Also, parking apps battle each other and the law in San Francisco, Google Glass lands in the UK, Second Life is being rebuilt from the ground up, Bono compares Apple to “a religious cult,” and British Airways introduces Slow TV to some flights.
Google Enters GoDaddy’s Domain
Brilliant. Let Google control absolutely aspect of online life: http://t.co/794Fuy1kKd
— Leon Paternoster (@leonpaternoster) June 24, 2014
Google has quietly launched a domain registration service, muscling in on a market currently dominated by GoDaddy. Google Domains is being tested on an invite-only basis. Interested parties can request an invite by clicking on ‘Manage My Domains’.
Once fully up and running, Google Domains will allow you to buy and sell domains with no extra charge for private registrations. While Google won’t be offering hosting, it has teamed up with a number of third-party website builders such as Squarespace and Weebly to simplify the process.
Google’s impetus for entering this lucrative business is its own research suggesting 55 percent of small businesses still don’t have their own domain. And once Google has a business in its grasp it can then start up-selling its other online products and services. Clever.
Scientists Simulate Time Travel
I’d be far more interested in time travel if I could bring air conditioning.
— Jim Gaffigan (@JimGaffigan) June 19, 2014
Scientists from the University of Queensland in Australia have simulated time travel on a quantum level [Paywall], showing how individual particles of light (photons) would behave under such circumstances.
The simulation focused on a photon interacting with its older self while stuck in a closed timelike curve (CTC). The fuzzy, uncertain properties of photons means paradoxes potentially affecting macroscopic organisms such as humans can be avoided.
Which means that, on a quantum level at least, time travel isn’t beyond the realms of possibility. But as this was a simulation rather than a real-world experiment, don’t hold your breath waiting for Doctor Who to materialize out of thin air.
Apps Spark New Parking War In SF
A new parking war has broken out in San Francisco, with apps battling each other and the city battling the very practice of helping people find parking spaces. Monkey Parking, an app which lets drivers auction off their spots, has already received a cease-and-desist, while Sweetch and ParkModo are also alleged to be breaking the law by effectively selling public parking spaces. Do we have another Uber-like game-changer on our hands here?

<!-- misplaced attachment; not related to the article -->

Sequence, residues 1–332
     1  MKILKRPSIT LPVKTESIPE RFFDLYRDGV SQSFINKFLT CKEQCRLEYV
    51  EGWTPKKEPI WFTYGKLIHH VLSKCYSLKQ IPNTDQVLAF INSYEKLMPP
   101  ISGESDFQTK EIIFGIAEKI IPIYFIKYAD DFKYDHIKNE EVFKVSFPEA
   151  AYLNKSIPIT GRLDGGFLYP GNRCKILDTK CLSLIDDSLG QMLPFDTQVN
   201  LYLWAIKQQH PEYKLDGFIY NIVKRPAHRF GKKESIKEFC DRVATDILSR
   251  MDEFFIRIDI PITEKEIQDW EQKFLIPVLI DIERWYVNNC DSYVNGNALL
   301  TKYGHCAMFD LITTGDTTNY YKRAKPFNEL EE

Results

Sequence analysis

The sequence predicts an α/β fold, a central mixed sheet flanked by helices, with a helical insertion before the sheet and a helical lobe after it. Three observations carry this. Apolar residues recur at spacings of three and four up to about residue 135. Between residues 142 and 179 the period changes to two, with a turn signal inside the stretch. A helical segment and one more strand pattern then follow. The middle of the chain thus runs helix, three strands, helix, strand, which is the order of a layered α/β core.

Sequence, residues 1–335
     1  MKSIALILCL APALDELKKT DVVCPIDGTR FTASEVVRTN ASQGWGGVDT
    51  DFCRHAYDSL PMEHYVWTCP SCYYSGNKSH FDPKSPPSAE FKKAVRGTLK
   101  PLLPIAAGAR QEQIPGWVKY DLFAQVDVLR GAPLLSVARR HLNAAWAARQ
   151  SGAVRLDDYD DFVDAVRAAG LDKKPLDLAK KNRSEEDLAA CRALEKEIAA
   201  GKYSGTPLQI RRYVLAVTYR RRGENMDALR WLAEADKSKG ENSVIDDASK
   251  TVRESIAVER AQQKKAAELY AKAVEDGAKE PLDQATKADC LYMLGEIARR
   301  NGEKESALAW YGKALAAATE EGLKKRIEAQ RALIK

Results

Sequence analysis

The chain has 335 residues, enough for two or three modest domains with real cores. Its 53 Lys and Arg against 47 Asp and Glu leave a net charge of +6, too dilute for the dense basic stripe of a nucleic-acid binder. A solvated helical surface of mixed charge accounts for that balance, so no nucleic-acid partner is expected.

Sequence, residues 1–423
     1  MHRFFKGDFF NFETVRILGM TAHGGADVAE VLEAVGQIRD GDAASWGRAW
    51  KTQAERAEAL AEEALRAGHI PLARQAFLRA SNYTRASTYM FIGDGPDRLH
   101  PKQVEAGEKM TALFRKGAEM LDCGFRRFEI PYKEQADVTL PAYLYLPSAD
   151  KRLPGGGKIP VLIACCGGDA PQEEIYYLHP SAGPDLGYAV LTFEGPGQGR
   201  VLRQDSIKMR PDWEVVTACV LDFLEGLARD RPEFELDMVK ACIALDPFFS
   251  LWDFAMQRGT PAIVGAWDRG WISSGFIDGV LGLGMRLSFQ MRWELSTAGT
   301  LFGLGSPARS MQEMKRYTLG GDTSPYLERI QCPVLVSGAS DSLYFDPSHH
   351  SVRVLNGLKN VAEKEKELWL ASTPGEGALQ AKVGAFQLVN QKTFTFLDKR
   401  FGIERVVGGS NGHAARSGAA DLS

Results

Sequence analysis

Google Glass Launches In The UK
Google Glass is now available in the U.K., the first market outside the U.S. to be offered the controversial wearable tech. The Google Glass Explorer Edition is being sold through Google Play for £1,000 per pair, with a load of accessories also available for those with cash to burn. To promote the UK launch, Google is holding an event in London between June 27-28.
A New Second Life Is Being Built
Linden Labs is building a new version of Second Life from the ground up in order to appeal to a wider audience. A beta is expected in 2015, with a full launch set for 2016. Oculus Rift support was added to Second Life in May, and virtual reality is set to be a big part of the new Second Life. Or Third Life. Whatever.
Bono Compares Apple To “A Religious Cult”
Jony Ive hanging with Bono. Tim Cook hanging with Jimmy Iovine. Apple has so jumped the shark.
— Brian S Hall (@brianshall) June 21, 2014
Many of us have been comparing Apple to a religious cult for many years, but it’s taken Bono this long to realize the truth. Speaking at the Cannes Advertising Festival, the lead singer of U2 made the comparison while revealing Apple has raised $75 million for his nonprofit organization (Red). This despite the late Steve Jobs hating the parentheses around the name. Oh, (Steve Jobs), we do miss you.
British Airways Introduces Slow TV
And finally, British Airways is introducing the Slow TV genre to select flights. For those unaware of Slow TV, it’s a genre that details the minutiae of everyday life. Typical Slow TV fare includes footage of old people knitting, birds feeding, and sun worshippers sitting on a beach.
The first video on British Airways flights will be a seven-hour train journey between Bergen and Oslo, the first half of which is embedded above. Slow TV originated in Norway, where it remains extremely popular; the Bergen to Oslo trip attracting one million viewers in 2009.
This may all sound extremely boring but it’s probably more taxing on the brain than the latest Michael Bay film. And if it sends you to sleep then it’s surely a bonus.
Your Views On Today’s Tech News
Are you interested in using Google Domains? Do you think time travel will ever be possible? Is Bono correct about Apple being a religious cult? Do you see the appeal of watching boring videos on long flights?
Let us know your thoughts on the tech news of the day by posting to the comments section below. Alternatively, let us know of any technology news stories we may have missed.
Image Credit: Marcin Wichary via Flickr